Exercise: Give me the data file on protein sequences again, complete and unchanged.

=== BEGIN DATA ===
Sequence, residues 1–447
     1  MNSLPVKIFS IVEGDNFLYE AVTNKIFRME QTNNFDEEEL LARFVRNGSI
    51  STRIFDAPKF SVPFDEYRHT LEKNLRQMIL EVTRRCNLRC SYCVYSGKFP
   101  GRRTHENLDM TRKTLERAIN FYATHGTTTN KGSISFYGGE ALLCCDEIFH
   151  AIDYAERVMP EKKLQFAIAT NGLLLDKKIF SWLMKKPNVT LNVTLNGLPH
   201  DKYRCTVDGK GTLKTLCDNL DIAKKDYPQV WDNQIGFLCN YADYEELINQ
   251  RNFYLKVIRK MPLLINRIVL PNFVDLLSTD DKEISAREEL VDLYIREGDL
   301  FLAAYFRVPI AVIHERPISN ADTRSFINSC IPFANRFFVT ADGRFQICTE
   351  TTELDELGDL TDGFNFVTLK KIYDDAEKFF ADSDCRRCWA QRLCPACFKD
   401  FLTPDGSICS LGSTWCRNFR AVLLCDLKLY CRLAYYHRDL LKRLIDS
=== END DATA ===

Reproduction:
Sequence, residues 1–447
     1  MNSLPVKIFS IVEGDNFLYE AVTNKIFRME QTNNFDEEEL LARFVRNGSI
    51  STRIFDAPKF SVPFDEYRHT LEKNLRQMIL EVTRRCNLRC SYCVYSGKFP
   101  GRRTHENLDM TRKTLERAIN FYATHGTTTN KGSISFYGGE ALLCCDEIFH
   151  AIDYAERVMP EKKLQFAIAT NGLLLDKKIF SWLMKKPNVT LNVTLNGLPH
   201  DKYRCTVDGK GTLKTLCDNL DIAKKDYPQV WDNQIGFLCN YADYEELINQ
   251  RNFYLKVIRK MPLLINRIVL PNFVDLLSTD DKEISAREEL VDLYIREGDL
   301  FLAAYFRVPI AVIHERPISN ADTRSFINSC IPFANRFFVT ADGRFQICTE
   351  TTELDELGDL TDGFNFVTLK KIYDDAEKFF ADSDCRRCWA QRLCPACFKD
   401  FLTPDGSICS LGSTWCRNFR AVLLCDLKLY CRLAYYHRDL LKRLIDS